The Rhodium Group and MIT’s Center for Energy and Environmental Policy Research are teaming up on the Clean Investment Monitor to track “on-the-ground progress in the U.S. towards net-zero greenhouse gas emissions.”
Industrial policy designed to spur clean energy manufacturing and technology adoption led to $213 billion worth of public and private investments over the past year, according to a new real-time tracker that’s monitoring the manufacture and deployment of greenhouse gas reducing technologies in the United States.
The Clean Investment Monitor is a project of the Rhodium Group and the Massachusetts Institute of Technology (MIT) Center for Energy and Environmental Policy. The monitor includes a comprehensive database cataloguing the real-time investments made in clean energy in the manufacturing, energy and industry, and retail sectors.
One thing that stood out to us: While the retail and energy spaces had some investments before 2020, manufacturing had little to no investment. That changed dramatically in 2021 and 2022, as incentives from industrial policy like the Bipartisan Infrastructure Act and Inflation Reduction Act spurred private companies to invest in new clean energy factories in the United States.
The monitor also provides mapping of where specifically all of these clean energy manufacturing investments are located, as well as breaking things down by state. In addition, the monitor includes information on the amount of investments being made in specific manufacturing sectors — i.e., solar, electric vehicles, batteries, etc.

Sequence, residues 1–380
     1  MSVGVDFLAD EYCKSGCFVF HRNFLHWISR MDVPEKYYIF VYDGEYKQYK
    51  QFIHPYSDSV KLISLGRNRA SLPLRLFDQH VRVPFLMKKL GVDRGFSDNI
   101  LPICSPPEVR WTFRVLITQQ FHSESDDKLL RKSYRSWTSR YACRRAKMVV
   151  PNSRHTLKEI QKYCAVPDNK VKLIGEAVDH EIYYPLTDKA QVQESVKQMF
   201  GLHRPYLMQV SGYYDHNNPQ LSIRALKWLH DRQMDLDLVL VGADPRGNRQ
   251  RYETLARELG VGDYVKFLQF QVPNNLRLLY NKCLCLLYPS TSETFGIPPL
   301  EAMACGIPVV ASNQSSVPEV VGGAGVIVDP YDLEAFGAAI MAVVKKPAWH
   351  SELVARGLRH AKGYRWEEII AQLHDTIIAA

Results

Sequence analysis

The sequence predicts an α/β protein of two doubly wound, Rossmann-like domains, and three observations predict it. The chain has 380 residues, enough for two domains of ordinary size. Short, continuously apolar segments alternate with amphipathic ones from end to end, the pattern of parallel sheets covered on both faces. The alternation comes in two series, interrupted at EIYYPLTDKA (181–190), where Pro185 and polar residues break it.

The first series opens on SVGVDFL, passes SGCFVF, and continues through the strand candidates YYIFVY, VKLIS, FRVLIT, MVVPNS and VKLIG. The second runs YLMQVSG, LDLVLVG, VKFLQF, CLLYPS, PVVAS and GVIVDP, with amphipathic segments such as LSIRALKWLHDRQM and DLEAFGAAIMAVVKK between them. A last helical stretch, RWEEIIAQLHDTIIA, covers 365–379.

Along with the debut of the new monitoring tool, the team behind the project released a new report detailing some of the trends emerging from the growing clean energy sector. Over the past year alone, there has been a 37% increase in new clean investment across the economy — and a 165% increase from five years ago, according to the report. The authors note:
The most rapid investment growth has been in clean technology manufacturing—with annual investment growing 125% year-on-year to $39 billion—and particularly within electric vehicle and solar manufacturing. Investment in clean energy production and industrial decarbonization rose 15% year-on-year to $61 billion. And household and business retail investment in purchasing and installing clean technologies like heat pumps and zero-emission vehicles (ZEVs) rose 32% year-on-year to $113 billion.
Both the monitor itself and the new report are worth checking out. The monitor will almost certainly serve as a helpful tool in the coming years to keep track of just how much money is being invested in clean technology, where specifically all these new factories are being built, and what specific sectors are seeing the most growth. It’s also a helpful reminder that when the United States puts policy in place to prioritize growth in industrial production, we start to see the results fairly quickly.